Heat-developable light-sensitive materials are thus well known in this field. Heat-developable light-sensitive materials and processes therefor have been described, for example, in Shashin Kogaku no Kiso (The Foundation of Photographic Technology), pages 553-555 (published by Corona Co., 1979), Eizo Joho (The Image Information), page 40 (April, 1978), Neblette's Handbook of Photography and Reprography, 7th Ed., pages 32-33 (Van Nostrand Reinhold Company), 1977; U.S. Pat. Nos. 3,152,904, 3,301,678, 3,392,020, and 3,457,075; British Pat. Nos. 1,131,108 and 1,167,777; and Research Disclosure, RD No. 17029, pages 9-15 (June, 1978).

Many different processes for obtaining color image have been proposed. With respect to processes for forming color images by the reaction of an oxidation product of a developing agent with a coupler, it has been proposed to use a p-phenylenediamine type reducing agent and a phenolic coupler or an active methylene coupler as described in U.S. Pat. No. 3,351,286, a p-aminophenol type reducing agent as described in U.S. Pat. No. 3,761,270, a sulfonamidophenol type reducing agent as described in Belgian Pat. No. 802,519 and Research Disclosure, RD No. 137 pages 31-32 (September, 1975) and the combination of a sulfonamidophenol type reducing agent and a 4-equivalent coupler as described in U.S. Pat. No. 4,021,240.

Also, processes and materials for forming a positive color image by a light-sensitive silver dye bleach process are described, for example, in Research Disclosure, RD No. 14433, pages 30-32 (April, 1976), ibid., RD No. 15227, pages 14-15 (December, 1976) and U.S. Pat. No. 4,235,957, etc.

Further, processes for forming images upon heat-development utilizing compounds having a dye moiety which are capable of releasing a mobile dye in correspondence or counter-correspondence to the reduction reaction of silver halide to silver under high temperature conditions have been described, for example, in European Pat. Nos. 76,492A and 79,056A, Japanese Patent Application (OPI) Nos. 28928/83 and 26008/83, etc. (The term "OPI" as used herein refers to a "published unexamined Japanese patent application".)

With these heat-developable light-sensitive materials, silver salt oxidizing agents are usually employed as suppliers of silver ions. Although such silver salt oxidizing agents are very effective in performance in heat development, they have several disadvantages. Particularly, when the heating temperature is elevated or heating time is prolonged for the purpose of obtaining sufficiently high density, the minimum density (fog density) increases, and a large decrease in sensitivity occurs during preservation before exposure of light-sensitive materials in which a spectrally sensitized silver halide and a silver salt oxidizing agent are coexistent.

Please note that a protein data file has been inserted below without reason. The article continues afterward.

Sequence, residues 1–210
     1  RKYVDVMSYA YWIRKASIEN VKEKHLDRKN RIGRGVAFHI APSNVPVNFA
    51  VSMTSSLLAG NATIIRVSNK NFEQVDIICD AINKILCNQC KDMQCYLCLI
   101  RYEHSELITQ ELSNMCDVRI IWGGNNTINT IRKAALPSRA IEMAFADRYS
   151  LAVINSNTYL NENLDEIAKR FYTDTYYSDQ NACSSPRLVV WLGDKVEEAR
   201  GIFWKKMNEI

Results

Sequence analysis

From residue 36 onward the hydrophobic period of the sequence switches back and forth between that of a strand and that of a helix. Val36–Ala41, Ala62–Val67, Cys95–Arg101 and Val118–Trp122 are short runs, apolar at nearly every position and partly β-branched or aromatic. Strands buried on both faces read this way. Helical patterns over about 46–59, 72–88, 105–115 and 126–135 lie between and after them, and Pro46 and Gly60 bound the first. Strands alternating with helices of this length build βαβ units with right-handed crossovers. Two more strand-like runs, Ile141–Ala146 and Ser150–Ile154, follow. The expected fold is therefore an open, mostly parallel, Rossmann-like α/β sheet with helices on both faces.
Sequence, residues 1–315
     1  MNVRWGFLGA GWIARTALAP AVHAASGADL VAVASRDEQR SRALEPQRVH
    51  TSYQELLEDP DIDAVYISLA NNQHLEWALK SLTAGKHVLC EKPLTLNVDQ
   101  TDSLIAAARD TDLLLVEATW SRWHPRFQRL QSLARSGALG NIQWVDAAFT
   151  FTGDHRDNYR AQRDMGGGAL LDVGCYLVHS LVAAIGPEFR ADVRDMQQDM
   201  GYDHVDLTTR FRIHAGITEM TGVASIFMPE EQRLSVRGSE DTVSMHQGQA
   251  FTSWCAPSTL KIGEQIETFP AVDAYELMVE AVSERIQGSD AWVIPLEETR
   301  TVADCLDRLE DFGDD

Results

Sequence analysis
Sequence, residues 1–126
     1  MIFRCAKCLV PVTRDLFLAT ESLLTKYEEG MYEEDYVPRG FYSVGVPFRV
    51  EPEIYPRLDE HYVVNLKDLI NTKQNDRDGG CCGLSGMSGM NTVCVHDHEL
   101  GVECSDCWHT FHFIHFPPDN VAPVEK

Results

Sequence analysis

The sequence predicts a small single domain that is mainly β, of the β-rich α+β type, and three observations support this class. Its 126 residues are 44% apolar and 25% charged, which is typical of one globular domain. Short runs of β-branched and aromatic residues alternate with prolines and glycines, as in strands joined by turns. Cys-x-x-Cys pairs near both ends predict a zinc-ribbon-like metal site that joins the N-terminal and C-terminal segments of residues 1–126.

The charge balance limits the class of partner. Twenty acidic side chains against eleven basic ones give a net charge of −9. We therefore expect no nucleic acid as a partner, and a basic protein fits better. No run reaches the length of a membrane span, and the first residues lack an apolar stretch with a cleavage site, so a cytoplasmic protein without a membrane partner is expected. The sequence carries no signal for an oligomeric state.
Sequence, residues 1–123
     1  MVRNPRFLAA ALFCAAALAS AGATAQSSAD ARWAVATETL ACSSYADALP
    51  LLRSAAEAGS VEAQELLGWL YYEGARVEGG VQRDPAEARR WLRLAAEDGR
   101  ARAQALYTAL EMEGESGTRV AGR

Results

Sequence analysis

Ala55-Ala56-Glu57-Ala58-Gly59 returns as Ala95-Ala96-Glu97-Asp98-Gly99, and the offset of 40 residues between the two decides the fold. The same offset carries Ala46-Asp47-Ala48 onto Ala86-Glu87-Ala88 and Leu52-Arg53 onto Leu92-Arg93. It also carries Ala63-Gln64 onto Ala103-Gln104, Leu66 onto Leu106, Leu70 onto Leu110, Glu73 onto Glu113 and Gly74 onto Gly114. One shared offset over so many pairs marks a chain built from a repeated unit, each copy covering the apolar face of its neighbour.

Further, it has been desired to shorten the time of development step as much as possible, and thus, investigations on various kinds of development accelerators have been made.

SUMMARY OF THE INVENTION

Therefore, an object of the present invention is to provide a technique for improvement of preservability of heat-developable light-sensitive material containing silver salt oxidizing agents and providing images having high image density and low fog density within a short period of developing time.

Other objects of the present invention will become apparent from the following detailed description and examples.

These objects of the present invention can be accomplished with a heat-developable light-sensitive material comprising a support having thereon at least (1) a light-sensitive silver halide, (2) a silver salt oxidizing agent, (3) silver salt particles having adsorbed thereon at least one compound selected from a cyclic imino compound represented by formula (I) described below and a mercapto compound represented by formula (II) described below, (4) a reducing agent, and (5) a binder.

Formula (I) is represented by ##STR2## wherein Z represents a non-metallic atomic group forming a hetero ring containing an imino group together with the nitrogen atom of formula (I).

Formula (II) is represented by

R--S--M                                                    (II)

wherein M represents a hydrogen atom or an alkali metal atom; and R represents a substituted or unsubstituted aliphatic hydrocarbon group, a substituted or unsubstituted aromatic hydrocarbon group, or a substituted or unsubstituted heterocyclic group.

DETAILED DESCRIPTION OF THE INVENTION

The heat-developable light-sensitive material according to the present invention is characterized by containing silver salt particles on which at least one kind of compounds selected from a cyclic imino compound represented by formula (I) and a mercapto compound represented by formula (II) is adsorbed.

Preferred silver salt particles which can be used in the present invention are salt particles composed of a silver ion and a chlorine ion, a bromine ion, an iodine ion, a thiocyanate ion, a selecyanate ion, a sulfite ion, a sulfate ion, a phosphate ion, or a complex ion thereof.

It is preferred that the silver salt particles employed in the present invention are substantially light-insensitive compared with the light-sensitive silver halide. More specifically, those having sensitivity of one tenth of or less than that of the light-sensitive silver halide are preferable.

In case of using silver halide particles as the silver salt particles, therefore, it is described to utilize primitive (i.e., not subjected to chemical sensitization procedure) silver chloride, silver bromide, or silver chlorobromide, or a mixture thereof. However, it is also possible to use a silver halide containing a small amount (i.e., 5 mol % or less) of iodide.